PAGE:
Mi Yodeya is a question and answer site for those who base their lives on Jewish law and tradition and anyone interested in learning more. Join them; it only takes a minute:

Sign up
Here's how it works:
  1. Anybody can ask a question
  2. Anybody can answer
  3. The best answers are voted up and rise to the top

Aruch Hashulchan EH 129:116 says one should not be called up to the torah with either your own or your fathers nickname like Zalman of 'Shlomo Zalman'. A nickname is a name, which is nothing more than a 'copy' of the original like Salamon or a shortened version of it. So why today are even rabbis called up to the Torah by a name including their nickname? Like the example given of Shlomo Zalman.

share|improve this question
beta.hebrewbooks.org/… Near the bottom of the page. I am sure the sefer I quoted in the question talks about when he received both names at the bris since this is what is common today. – preferred May 26 '14 at 14:24
How do you think Rabbi Tarfon or Rabbi Akiva was called up to the Torah? – user5488 May 26 '14 at 20:36

I think you might be mistaken in the premise of your question. If you were named something at your bris, it DOES become your name, even if it was originally a 'nickname' style of name. It's quite common nowadays that a person's 'Hebrew' name is based off another language (generally Yiddish, but not limited to it).

Rav Moshe has a Teshuva where someone asked if he could name their daughter after a relative who only had an 'English' name. He responded that yes, it was permitted, and the name becomes a 'Hebrew' name. He proved it from the Rambam's name: Rambam stands for Rabbi Moshe Ben Maimon. Maimon was definitely not an originally 'Hebrew' name, yet that was the name he was called. While originally it might not have been entirely appropriate (but certainly not forbidden) to give a child a not-classically-Jewish name, once the name is adopted into Judaism, there is no reason not to use it. (See Igros Moshe O.C. 4 Siman 66. Igros Moshe O.C. 5 Siman 10 also has a long discussion on names, which I haven't read through yet.)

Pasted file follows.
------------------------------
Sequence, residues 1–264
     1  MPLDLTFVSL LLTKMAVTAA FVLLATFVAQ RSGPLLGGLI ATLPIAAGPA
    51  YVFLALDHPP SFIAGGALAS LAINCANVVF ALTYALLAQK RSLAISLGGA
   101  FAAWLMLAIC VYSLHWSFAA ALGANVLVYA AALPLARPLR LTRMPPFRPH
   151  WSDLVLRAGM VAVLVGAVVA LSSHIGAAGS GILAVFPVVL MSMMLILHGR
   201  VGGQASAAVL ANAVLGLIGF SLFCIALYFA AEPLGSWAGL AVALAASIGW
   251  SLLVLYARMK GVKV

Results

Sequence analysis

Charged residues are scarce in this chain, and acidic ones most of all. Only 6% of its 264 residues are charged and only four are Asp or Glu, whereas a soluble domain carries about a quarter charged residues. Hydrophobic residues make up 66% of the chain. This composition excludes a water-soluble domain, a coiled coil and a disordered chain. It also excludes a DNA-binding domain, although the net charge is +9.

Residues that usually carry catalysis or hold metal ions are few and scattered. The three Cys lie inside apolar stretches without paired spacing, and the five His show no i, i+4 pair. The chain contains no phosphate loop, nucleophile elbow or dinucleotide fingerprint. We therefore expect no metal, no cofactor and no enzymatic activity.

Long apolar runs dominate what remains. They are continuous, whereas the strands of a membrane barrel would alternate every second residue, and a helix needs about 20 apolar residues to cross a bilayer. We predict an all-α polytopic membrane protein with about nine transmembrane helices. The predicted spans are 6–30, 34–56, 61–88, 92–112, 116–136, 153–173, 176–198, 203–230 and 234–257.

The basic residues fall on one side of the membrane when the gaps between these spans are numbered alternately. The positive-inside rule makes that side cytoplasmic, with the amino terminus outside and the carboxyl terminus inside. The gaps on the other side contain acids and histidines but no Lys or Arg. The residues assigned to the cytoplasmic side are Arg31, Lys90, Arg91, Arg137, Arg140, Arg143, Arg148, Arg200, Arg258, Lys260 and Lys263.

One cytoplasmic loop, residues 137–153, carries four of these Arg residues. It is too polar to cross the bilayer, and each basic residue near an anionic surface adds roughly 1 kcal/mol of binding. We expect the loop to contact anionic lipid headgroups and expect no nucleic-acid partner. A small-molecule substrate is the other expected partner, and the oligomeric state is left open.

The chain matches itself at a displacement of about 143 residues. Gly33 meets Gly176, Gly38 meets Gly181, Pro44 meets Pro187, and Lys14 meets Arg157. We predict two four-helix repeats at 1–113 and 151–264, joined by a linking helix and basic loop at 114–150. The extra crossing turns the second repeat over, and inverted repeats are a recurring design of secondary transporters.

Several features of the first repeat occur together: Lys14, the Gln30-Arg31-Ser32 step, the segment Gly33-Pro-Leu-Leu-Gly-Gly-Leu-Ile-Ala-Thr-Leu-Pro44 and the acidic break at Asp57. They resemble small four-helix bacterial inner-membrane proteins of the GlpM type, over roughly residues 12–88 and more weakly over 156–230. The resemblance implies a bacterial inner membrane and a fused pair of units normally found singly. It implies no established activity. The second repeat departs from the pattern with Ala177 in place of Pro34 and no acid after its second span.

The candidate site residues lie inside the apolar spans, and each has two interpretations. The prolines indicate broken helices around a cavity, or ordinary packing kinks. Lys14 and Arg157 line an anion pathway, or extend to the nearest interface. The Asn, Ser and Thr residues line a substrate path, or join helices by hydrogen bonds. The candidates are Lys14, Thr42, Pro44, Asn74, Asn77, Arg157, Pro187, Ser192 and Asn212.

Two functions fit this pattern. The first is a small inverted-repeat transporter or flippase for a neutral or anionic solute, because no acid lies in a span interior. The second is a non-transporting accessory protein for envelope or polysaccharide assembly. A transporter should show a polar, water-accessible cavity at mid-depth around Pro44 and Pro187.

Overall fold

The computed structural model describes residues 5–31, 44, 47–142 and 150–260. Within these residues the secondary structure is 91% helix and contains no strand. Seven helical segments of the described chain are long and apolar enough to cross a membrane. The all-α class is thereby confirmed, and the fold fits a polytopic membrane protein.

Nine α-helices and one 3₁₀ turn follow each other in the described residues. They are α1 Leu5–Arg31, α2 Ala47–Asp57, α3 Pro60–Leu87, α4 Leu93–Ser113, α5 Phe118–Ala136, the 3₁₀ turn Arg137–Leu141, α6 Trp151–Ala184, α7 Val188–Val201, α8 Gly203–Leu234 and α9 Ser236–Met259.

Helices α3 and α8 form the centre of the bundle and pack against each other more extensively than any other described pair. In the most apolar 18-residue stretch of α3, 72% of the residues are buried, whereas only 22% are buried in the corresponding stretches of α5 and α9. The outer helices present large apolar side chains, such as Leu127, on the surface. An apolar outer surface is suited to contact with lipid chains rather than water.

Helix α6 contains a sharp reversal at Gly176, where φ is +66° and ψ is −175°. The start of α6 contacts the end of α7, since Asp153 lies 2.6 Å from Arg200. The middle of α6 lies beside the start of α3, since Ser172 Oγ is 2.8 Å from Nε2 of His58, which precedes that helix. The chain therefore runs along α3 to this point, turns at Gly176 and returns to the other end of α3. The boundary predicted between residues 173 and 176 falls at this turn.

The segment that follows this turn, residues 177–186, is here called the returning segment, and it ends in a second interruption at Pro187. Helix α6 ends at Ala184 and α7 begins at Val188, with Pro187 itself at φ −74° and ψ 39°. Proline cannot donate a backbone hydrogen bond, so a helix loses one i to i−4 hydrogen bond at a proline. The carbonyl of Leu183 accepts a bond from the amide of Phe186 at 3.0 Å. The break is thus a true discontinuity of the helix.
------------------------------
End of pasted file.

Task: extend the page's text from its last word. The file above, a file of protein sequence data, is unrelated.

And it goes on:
I believe that the Aruch Hashulchan you brought in Siman 129 Sif 116 near the end where he mentions not to call people up to the Torah by nicknames is referring to nicknames that weren't given at the Bris. The Mevoh Hashe'arim you brought in the comment below seems to be the only place that mentions a Kinui given at birth, and while I'll concede his language seems to imply that Kinuyim are often given at birth, I still feel that most other places refer to Kinuyim that aren't given at birth.

share|improve this answer
Please read my question again, my comment and the seforim I quote. If you receive one name at your bris you are right. I am talking about receiving two names only one of which is Hebrew. I have not seen the t'shuva of Rav Moshe and I disagree with it. Maimon would not become a Jewish name. The difference between a 'Jewish' name and a non-Jewish name is how you write the non-Jewish nickname with 'mchuna' or miskari. – preferred May 26 '14 at 17:35
hebrewbooks.org/… סעיף יח – preferred May 26 '14 at 17:42
@preferred Could you specify which parts of the sources you are referring to? I read through much of the Aruch Hashulchan and Kav Naki, and skimmed through the Toras Gittin, but didn't see any part about a name given at birth. I only saw 'Kinuyim' which I've always understood to mean nicknames that a person receives later in life. And I hope to review the Teshuva of R' Moshe later today and put up the source, if you'd like to read it yourself. – Salmononius2 May 26 '14 at 17:56
I agree no one mentions a name given at birth and I am still looking for that. But like I wrote the Aruch Hashulchan is most likely talking about our times when names are given at birth. – preferred May 26 '14 at 18:06
hebrewbooks.org/… Does seem to imply that even if it was given at birth He write the derech holam is to give a hebrew name and sometimes it also includes a non Hebrew name. The word 'murkav' sounds to me together at the bris. – preferred May 26 '14 at 18:14

Your Answer


By posting your answer, you agree to the privacy policy and terms of service.

Not the answer you're looking for? Browse other questions tagged or ask your own question.